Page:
Why Companies Fail in Their Efforts to Become More Customer-Centric and How to Overcome These Challenges

In a prior post I reflected on my 20 plus years of helping clients in their efforts to becoming more customer-centric. I also introduced our free online organization assessment tool which provides you with immediate feedback on where your organization is in its journey as well as suggestions on what steps you can take to help your company to continue its evolution. You can access the assessment here. As a follow-up I thought I’d share some of the common stumbling blocks I have seen over the years that have prevented companies from evolving into a more customer-centric entity. Here are the top 10 stumbling blocks that I have seen that have hindered companies in there efforts to become more customer-centric:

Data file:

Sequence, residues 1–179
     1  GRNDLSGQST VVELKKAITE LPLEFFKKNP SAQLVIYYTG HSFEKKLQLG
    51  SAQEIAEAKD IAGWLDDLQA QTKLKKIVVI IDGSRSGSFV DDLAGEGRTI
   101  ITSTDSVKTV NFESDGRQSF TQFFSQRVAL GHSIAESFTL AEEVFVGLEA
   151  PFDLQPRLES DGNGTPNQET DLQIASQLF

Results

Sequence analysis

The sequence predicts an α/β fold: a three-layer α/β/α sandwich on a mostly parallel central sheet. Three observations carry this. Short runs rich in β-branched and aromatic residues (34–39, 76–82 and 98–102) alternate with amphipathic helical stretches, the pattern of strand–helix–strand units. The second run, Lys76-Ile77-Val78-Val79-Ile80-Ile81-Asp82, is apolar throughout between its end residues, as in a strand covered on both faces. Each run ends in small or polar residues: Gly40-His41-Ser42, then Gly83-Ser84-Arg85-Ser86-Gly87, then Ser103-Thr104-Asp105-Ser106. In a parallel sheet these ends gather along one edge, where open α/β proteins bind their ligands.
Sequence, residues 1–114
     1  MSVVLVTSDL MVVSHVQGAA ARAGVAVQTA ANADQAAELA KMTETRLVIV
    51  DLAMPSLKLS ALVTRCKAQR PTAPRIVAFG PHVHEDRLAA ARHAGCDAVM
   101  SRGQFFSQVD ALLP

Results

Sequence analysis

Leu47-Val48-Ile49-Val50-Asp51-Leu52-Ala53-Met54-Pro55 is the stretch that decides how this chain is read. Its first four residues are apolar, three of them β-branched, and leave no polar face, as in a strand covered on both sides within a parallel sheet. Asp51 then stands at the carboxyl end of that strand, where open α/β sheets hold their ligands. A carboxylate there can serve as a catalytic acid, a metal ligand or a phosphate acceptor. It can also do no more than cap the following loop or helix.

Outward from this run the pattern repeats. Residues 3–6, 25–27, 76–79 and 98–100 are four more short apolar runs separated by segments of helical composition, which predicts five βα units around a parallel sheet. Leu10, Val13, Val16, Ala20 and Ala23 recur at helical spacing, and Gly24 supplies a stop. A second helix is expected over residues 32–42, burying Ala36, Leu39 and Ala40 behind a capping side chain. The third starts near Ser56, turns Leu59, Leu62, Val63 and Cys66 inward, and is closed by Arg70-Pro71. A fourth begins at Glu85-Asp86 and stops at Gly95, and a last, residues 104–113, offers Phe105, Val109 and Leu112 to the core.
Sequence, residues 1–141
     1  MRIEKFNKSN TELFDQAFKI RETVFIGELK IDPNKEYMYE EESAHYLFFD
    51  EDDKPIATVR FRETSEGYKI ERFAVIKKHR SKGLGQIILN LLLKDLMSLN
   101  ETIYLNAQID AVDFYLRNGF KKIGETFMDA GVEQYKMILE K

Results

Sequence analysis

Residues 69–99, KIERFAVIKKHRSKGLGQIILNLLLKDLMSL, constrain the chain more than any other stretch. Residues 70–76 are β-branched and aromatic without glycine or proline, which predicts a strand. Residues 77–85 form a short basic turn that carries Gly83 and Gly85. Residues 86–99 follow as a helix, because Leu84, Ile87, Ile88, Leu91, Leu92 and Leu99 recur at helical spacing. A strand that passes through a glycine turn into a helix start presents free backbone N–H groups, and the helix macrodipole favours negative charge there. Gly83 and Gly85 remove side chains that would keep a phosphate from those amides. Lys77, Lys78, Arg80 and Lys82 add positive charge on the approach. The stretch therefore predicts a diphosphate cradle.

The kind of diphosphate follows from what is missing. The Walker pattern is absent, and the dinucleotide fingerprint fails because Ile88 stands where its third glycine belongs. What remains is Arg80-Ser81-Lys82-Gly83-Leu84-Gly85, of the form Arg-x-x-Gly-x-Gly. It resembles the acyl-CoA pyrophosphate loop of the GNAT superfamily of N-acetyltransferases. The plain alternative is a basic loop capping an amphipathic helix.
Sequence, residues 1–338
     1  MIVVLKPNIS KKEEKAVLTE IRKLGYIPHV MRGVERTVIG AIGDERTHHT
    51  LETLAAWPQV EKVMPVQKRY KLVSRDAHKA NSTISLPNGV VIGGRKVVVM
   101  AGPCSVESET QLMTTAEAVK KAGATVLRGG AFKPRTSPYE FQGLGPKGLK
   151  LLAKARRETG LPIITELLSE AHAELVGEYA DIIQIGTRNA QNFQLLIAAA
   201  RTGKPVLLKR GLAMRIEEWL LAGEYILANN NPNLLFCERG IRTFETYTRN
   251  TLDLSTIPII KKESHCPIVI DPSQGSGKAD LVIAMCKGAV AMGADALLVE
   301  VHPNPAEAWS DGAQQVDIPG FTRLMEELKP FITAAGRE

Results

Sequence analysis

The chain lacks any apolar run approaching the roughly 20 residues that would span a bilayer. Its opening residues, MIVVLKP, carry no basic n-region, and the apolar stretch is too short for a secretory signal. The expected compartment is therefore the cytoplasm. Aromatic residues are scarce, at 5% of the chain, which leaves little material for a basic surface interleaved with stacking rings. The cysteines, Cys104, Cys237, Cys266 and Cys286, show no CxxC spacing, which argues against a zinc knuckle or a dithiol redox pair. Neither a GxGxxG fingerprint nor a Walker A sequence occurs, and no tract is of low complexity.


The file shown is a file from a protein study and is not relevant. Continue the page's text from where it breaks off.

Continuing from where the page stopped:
1. Lack of Leadership Support: If the senior management is not committed to becoming more customer-centric, it is unlikely that the rest of the organization will follow through. Without leadership support, customer-centric initiatives tend to become ad-hoc and lack direction. That said, often the way to gain leadership support is to show impact. So developing customer-centric programs in a pilot format to demonstrate tangible results can be a great way to gain executive sponsorship.